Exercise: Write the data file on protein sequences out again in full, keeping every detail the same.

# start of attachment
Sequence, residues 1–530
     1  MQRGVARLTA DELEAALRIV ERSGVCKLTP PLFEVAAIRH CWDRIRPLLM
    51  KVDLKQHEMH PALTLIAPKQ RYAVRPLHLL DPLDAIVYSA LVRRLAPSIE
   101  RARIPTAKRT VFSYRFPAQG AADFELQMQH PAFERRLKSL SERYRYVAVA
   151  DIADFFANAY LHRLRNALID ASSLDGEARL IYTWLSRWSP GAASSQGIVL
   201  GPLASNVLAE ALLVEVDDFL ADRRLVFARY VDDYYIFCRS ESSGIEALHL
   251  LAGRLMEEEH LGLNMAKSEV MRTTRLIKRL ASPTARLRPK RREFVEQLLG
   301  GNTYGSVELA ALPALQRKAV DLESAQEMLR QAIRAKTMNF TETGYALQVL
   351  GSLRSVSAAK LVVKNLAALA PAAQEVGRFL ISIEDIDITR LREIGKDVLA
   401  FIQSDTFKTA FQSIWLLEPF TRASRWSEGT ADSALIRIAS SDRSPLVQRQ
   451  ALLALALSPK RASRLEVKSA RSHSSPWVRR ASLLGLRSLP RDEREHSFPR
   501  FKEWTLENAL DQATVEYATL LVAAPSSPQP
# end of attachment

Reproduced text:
Sequence, residues 1–530
     1  MQRGVARLTA DELEAALRIV ERSGVCKLTP PLFEVAAIRH CWDRIRPLLM
    51  KVDLKQHEMH PALTLIAPKQ RYAVRPLHLL DPLDAIVYSA LVRRLAPSIE
   101  RARIPTAKRT VFSYRFPAQG AADFELQMQH PAFERRLKSL SERYRYVAVA
   151  DIADFFANAY LHRLRNALID ASSLDGEARL IYTWLSRWSP GAASSQGIVL
   201  GPLASNVLAE ALLVEVDDFL ADRRLVFARY VDDYYIFCRS ESSGIEALHL
   251  LAGRLMEEEH LGLNMAKSEV MRTTRLIKRL ASPTARLRPK RREFVEQLLG
   301  GNTYGSVELA ALPALQRKAV DLESAQEMLR QAIRAKTMNF TETGYALQVL
   351  GSLRSVSAAK LVVKNLAALA PAAQEVGRFL ISIEDIDITR LREIGKDVLA
   401  FIQSDTFKTA FQSIWLLEPF TRASRWSEGT ADSALIRIAS SDRSPLVQRQ
   451  ALLALALSPK RASRLEVKSA RSHSSPWVRR ASLLGLRSLP RDEREHSFPR
   501  FKEWTLENAL DQATVEYATL LVAAPSSPQP